Exposure to synthetic fibres in general during the production process increases breast cancer rates in postmenopausal women. Synthetic fibres like acrylonitrile also serve as breeding grounds for bacteria, which could cause skin conditions and general discomfort.

Uses of Acrylic Fabric

Articles made of acrylic fibres are easy to care for: they dry easily and, if properly set during manufacture, maintain their dimensions. All these properties gave this fibre many uses as follows:

Since acrylic fabric is designed to be similar to wool, it is used in many of the same applications as this highly popular natural fibre. For instance, apparel manufacturers make acrylic fibre into sweaters, mittens, gloves, pants, hoodies, and a variety of other types of cold-weather clothing. Additionally, acrylic is a popular material for carpeting, upholstery, rugs, and other traditionally wool-dominated homeware product categories.

While acrylic is highly similar to wool in its natural state, it can be made to resemble other fabrics, such as cotton, depending on the spinning mechanism that is used. Manufacturers can make types of acrylic that resemble fur, which can be useful for props or costumes.

Acrylic fibre is used as one of the constituents of carbon fibre, which is in high demand in industrial applications. Otherwise, however, acrylic fibre doesn’t have a lot of industrial applications; while this fabric is highly durable, its flammability makes it ineligible for use in many industrial environments.

One of the most prominent applications of acrylic fibre is in knitting. While most people who knit prefer wool for high-end products, many amateur knitters use acrylic as a “learner fibre” or as a yarn for cheap, low-effort projects. While there are significant detractors to using acrylic as a knitting material, its inability to lose its color and inexpensiveness afford it a valuable position within the knitting hobbyist market.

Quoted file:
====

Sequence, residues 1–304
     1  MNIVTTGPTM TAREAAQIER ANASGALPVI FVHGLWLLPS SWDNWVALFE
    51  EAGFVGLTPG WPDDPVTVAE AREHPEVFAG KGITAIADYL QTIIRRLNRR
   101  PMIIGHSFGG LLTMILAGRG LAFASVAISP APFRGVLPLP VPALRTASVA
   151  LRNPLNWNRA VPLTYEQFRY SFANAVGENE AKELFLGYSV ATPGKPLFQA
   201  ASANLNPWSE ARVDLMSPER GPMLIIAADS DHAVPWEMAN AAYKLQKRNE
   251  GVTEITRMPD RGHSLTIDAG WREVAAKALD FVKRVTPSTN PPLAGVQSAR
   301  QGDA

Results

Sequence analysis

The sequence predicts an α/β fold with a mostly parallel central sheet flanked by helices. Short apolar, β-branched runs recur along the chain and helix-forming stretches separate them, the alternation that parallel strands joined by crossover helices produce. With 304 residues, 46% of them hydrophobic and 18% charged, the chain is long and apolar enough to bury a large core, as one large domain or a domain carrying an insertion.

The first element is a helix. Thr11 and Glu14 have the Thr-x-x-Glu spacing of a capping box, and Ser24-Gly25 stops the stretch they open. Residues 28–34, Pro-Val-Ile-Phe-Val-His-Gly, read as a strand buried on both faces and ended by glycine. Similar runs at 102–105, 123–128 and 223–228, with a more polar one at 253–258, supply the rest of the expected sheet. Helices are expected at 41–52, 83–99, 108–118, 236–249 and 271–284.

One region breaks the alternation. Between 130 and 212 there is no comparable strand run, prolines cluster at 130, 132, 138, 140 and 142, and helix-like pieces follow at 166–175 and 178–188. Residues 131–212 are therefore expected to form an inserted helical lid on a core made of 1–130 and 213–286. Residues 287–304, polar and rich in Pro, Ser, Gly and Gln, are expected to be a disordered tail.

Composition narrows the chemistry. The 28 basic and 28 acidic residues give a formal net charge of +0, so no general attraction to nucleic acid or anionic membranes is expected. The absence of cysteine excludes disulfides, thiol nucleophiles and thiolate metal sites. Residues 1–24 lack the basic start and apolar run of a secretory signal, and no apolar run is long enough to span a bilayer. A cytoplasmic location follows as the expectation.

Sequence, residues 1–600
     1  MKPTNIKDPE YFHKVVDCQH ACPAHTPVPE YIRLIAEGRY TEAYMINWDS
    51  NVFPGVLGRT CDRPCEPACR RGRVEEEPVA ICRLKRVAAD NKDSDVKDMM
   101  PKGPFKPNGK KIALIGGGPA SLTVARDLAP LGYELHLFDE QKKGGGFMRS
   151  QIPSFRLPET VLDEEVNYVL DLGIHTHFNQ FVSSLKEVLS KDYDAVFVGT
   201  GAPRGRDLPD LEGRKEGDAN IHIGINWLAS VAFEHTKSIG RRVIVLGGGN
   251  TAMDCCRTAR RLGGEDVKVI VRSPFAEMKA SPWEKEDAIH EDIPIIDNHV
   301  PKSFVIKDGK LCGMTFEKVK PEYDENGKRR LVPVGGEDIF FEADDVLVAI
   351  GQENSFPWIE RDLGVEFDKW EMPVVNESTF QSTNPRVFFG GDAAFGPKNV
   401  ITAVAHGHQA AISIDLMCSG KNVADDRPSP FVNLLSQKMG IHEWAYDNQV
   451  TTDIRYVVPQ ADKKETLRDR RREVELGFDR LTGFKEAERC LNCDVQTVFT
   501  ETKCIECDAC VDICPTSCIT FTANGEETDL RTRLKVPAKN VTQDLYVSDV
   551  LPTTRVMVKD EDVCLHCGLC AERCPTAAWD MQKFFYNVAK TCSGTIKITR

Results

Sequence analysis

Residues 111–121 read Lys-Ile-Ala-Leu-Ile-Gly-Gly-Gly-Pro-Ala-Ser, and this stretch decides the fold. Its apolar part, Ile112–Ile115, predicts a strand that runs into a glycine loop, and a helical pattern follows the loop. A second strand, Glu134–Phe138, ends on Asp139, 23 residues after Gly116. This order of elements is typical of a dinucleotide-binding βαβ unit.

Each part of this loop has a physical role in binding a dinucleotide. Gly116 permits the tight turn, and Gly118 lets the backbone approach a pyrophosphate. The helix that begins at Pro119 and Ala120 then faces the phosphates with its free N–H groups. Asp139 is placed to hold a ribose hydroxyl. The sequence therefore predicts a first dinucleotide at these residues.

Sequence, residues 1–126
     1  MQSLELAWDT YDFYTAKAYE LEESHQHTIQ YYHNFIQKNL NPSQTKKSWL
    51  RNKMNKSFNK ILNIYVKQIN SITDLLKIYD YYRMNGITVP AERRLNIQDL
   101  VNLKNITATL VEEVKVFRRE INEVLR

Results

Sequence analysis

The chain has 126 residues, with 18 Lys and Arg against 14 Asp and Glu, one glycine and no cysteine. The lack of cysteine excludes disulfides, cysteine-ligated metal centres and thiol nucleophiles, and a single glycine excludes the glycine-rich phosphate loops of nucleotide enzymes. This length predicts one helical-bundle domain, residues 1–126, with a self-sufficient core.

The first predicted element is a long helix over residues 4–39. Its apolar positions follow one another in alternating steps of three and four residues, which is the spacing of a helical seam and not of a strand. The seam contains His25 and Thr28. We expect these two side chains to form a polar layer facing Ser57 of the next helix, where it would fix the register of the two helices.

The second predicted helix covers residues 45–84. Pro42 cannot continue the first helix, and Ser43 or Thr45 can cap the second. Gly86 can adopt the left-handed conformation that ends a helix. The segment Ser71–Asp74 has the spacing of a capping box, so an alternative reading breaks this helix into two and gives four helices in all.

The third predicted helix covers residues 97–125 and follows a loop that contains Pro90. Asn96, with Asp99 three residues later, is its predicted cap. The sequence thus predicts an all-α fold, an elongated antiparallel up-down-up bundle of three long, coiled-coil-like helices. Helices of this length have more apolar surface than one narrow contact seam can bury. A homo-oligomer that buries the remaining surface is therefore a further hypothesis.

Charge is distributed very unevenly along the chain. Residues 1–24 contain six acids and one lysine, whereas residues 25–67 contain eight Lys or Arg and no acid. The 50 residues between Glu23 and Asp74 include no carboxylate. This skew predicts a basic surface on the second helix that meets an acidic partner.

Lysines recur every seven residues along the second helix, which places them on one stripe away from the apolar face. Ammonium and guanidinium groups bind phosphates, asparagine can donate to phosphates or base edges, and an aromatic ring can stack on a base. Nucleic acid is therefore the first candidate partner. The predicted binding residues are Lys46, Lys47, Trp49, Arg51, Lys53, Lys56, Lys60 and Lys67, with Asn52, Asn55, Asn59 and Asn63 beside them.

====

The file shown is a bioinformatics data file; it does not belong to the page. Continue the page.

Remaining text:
Other apparel uses such as wrinkle resistant fabrics, pile and fleece fabrics, children’s wear.

Outdoor end uses such as car tops, boat covers, awnings, outdoor furniture. Industrial end uses such as filtration materials, reinforcement materials in construction, car batteries

Care of Acrylic Fibre 

Keep in mind that both cold and hot water can be harmful to apparel composed of acrylic fabric. Therefore, you should always wash acrylic clothing with warm water.

When you wash acrylic on cold, it can start to become firm and inflexible, and when you wash this fabric in water that’s too hot, it can melt and damage your washing machine or other items in the load.

Also, acrylic fabric is more prone to pilling than practically any other fabric. If you wash an acrylic garment with garments that don’t closely match its color, you’ll end up with a pierce of apparel covered in pills that are the same color as the garments you washed it with.

Static electricity may be reduced by using a fabric softener in every third or fourth washing. Gently squeeze out water, smooth or shake out garment and let dry on a non-rust hanger. (Sweaters, however, should be dried flat.)

When machine washing, use warm water and add a fabric softener during the final rinse cycle.

Machine dry at a low temperature setting. Remove garments from dryer as soon as tumbling cycle is completed.

If ironing is required, use a moderately warm iron. (For specific instructions, refer to garment’s sewn-in care label.)


Article by Ms. Hetal Mistry